East Lansing, MI–It’s hard to compete with free. Since the birth of fan translation websites like Mangafox.me and video streaming sites such as Crunchyroll.com, local Lansing retailers have had a rough time selling their hard copies of anime and manga.
“I think online has really killed a lot of it,” commented Jeremy Plesco, owner of Fortress Comics and Games. In the past 5 years, Plesco replaced much of his manga stock with American comics after depleting sales.
“Business had its peak in 2000,” explained Jon Howard, store manager of Flat, Black & Circular (FBC), a used DVD, CD, and record store which saw its anime sales decline drastically in the past 10 years. Howard and business owner Dave Bernath speculated on whether fans of the genre still exist.
“The people who watched anime and still do are the ones keeping it alive,” agreed Rob Nichols, store manager of Replay Entertainment Exchange, a resale shop that now primarily specializes in DVDs and video games. Nichols described how mainstream movies such as Miyazaki films were quite popular, but most other series go unnoticed for months, leading him to believe “there’s less of an audience looking for it.”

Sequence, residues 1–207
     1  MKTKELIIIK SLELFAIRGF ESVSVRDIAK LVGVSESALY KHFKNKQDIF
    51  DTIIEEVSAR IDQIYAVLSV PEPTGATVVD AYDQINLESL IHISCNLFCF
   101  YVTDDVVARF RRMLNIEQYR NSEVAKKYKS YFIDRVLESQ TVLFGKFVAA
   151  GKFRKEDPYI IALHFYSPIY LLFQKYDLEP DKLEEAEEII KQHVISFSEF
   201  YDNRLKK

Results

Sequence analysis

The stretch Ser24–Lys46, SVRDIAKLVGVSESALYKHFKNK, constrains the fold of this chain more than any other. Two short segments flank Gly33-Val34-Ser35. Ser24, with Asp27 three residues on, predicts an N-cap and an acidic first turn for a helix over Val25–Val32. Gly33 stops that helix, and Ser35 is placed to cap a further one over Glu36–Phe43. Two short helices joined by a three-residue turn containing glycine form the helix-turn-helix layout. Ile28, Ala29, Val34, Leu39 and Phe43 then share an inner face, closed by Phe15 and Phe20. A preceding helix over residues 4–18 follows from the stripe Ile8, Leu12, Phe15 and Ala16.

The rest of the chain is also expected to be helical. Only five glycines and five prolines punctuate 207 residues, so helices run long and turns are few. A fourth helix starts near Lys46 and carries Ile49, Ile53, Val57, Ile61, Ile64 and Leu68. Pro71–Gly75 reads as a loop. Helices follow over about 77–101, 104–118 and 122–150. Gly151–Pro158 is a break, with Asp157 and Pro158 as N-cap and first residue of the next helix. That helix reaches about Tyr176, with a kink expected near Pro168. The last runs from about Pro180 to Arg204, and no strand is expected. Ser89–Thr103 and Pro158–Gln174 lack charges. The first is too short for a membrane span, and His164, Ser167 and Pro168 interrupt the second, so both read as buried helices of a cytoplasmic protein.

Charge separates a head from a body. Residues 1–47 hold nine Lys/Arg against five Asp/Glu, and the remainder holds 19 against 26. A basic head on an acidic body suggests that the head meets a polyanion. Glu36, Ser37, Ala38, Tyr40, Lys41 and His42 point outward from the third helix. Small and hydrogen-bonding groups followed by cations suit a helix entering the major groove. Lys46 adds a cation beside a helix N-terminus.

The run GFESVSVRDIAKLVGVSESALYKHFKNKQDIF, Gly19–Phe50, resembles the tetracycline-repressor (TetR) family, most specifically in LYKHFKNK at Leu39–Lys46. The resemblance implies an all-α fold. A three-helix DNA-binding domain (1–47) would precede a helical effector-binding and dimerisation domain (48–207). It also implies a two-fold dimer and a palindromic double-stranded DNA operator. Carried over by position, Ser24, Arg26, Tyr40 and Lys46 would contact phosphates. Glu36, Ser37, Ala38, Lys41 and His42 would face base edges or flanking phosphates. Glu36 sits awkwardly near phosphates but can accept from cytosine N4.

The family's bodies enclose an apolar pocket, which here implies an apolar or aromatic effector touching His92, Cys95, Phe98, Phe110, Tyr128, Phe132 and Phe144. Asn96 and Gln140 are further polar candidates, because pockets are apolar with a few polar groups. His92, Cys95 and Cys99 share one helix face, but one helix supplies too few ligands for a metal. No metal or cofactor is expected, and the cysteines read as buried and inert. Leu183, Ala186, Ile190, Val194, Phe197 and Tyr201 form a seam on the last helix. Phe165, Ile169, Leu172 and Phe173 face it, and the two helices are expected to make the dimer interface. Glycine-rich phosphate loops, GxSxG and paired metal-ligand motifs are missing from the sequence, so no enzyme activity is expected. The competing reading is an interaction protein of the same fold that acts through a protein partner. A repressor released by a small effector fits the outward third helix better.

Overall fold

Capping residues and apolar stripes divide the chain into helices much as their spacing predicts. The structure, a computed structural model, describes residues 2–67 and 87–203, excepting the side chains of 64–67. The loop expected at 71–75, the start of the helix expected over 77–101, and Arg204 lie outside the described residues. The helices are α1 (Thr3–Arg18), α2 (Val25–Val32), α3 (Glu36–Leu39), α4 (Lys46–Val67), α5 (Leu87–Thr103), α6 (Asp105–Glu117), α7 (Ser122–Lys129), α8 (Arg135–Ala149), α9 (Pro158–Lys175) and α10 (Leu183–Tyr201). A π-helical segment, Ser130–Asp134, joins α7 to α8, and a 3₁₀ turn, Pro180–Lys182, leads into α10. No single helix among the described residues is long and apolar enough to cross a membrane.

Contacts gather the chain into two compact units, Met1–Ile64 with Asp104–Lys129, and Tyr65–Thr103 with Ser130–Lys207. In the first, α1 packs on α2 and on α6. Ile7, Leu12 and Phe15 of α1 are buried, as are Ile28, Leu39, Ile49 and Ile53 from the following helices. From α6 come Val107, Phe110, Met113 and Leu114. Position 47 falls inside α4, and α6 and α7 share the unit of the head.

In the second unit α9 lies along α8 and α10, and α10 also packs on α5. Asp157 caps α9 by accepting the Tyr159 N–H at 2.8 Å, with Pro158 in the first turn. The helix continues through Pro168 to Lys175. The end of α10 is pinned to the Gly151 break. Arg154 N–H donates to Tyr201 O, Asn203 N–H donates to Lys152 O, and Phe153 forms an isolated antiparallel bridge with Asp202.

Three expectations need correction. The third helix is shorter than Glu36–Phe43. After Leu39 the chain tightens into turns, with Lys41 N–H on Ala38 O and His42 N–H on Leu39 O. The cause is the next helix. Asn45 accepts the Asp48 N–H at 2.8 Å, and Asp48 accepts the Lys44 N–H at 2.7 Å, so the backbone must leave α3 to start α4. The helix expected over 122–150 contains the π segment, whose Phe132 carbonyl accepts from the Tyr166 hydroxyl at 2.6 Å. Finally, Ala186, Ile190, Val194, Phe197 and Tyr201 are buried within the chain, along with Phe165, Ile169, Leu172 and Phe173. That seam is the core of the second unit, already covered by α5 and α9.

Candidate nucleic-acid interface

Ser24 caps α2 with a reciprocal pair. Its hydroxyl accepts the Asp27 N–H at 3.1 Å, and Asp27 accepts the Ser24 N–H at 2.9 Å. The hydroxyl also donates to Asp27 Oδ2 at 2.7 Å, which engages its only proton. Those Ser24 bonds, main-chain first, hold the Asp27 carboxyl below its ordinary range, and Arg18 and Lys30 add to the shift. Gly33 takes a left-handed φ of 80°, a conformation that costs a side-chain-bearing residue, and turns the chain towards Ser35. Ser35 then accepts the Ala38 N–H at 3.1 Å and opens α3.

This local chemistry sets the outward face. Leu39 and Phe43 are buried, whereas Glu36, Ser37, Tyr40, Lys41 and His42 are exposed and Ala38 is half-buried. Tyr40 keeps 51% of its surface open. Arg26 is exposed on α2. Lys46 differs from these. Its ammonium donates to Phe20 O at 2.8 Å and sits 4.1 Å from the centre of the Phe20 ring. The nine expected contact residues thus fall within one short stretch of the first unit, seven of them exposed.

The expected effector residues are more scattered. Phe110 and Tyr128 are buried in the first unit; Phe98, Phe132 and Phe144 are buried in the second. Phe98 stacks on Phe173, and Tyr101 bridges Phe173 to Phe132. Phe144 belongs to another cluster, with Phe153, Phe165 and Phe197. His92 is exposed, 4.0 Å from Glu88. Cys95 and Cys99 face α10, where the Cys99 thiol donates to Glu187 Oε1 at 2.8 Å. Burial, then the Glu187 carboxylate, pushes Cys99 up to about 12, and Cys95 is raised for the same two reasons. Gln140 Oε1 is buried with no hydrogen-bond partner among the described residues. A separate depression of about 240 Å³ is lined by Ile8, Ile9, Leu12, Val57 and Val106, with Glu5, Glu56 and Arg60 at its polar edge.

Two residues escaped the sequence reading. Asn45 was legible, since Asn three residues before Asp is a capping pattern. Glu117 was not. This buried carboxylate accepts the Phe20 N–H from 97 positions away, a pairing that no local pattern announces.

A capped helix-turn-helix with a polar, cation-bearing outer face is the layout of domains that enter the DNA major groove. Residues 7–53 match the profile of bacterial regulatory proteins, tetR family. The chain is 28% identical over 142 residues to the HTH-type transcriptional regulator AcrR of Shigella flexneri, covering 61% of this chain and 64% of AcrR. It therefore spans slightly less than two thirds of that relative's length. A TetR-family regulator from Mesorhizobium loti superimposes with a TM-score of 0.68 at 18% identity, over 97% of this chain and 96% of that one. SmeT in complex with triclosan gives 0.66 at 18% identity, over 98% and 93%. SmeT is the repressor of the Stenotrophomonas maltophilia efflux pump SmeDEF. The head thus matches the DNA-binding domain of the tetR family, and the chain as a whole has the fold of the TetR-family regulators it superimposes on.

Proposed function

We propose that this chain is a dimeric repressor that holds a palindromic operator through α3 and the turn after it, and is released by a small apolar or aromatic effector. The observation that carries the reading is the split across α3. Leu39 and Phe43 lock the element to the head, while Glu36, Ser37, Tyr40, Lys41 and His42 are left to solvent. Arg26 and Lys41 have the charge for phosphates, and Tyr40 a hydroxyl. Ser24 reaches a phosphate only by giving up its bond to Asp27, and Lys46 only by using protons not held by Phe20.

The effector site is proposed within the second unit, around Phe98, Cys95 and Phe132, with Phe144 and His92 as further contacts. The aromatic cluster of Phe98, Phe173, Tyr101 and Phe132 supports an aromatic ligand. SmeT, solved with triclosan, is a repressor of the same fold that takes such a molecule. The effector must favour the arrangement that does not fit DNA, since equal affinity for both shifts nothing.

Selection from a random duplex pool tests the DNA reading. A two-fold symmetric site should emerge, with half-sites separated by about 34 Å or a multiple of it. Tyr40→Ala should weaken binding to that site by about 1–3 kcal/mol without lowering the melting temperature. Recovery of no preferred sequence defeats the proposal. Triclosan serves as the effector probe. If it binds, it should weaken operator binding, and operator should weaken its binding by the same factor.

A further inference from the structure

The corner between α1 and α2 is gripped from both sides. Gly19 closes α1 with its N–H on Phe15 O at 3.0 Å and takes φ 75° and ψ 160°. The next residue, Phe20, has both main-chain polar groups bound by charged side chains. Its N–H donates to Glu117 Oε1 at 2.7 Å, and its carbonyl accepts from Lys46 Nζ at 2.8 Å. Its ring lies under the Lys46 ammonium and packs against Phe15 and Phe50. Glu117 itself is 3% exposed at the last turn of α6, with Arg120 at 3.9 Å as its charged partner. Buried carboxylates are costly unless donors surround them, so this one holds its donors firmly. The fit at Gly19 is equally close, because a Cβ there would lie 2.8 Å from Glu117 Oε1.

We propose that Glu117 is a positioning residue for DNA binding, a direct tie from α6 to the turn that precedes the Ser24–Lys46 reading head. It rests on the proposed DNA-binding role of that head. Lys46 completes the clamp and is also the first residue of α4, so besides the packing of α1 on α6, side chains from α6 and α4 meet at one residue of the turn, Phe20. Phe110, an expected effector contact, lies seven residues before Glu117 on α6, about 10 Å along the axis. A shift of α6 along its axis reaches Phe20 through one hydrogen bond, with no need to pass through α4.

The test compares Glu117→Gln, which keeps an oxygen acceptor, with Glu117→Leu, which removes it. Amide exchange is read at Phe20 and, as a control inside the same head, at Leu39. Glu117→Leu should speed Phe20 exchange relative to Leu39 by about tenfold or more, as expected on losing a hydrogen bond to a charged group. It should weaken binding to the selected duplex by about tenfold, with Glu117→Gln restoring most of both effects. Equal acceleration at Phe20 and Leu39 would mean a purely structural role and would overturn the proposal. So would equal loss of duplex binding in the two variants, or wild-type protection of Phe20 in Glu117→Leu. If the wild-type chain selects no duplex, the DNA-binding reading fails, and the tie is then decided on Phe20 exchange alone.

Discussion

While the growing number of fans flocking to anime conventions and swarming to online communities disagrees with Nichols, fans have certainly made their presence less prominent in East Lansing’s retail.
As a result, local shops have developed new deals to try and coax manga and anime fans away from their computer screens and into the stores.
Fortress special orders manga at 20% off.
21st Century Comics & Games created a manga exchange where fans can buy used manga for as low as $1.50 when they trade in their old comics.
Replay offers a large selection of anime, most discs costing around the very reasonable rate of $5 each, and they also buy used anime from those seeking to lighten their collection.
FBC also offers guaranteed market price those wishing to sell their old anime, and according to Howard, gives them an opportunity to “trade in and refresh their collection” with a variety of cult and mainstream titles.
From these deals, fans not only take away a tangible declaration of the fandom but also get the opportunity for face-to-face encounters with others who share their interests. Spending much of his time in Fortress chatting with customers turned friends, Plesco believes in the importance of his store’s environment as a springboard for fans to connect over everything from anime to tabletop gaming.
“For one thing, it’s a community that isn't inside at all times,” Plesco said, describing the advantage his customers have over fans experiencing their favorite manga solely online.
While the convenience of the online experience is alluring, the local stores on Grand River are doing their part to reach out to this community of fans. If fans don’t invest, Nichols’ words that anime and manga are on their “way out” will be true for East Lansing.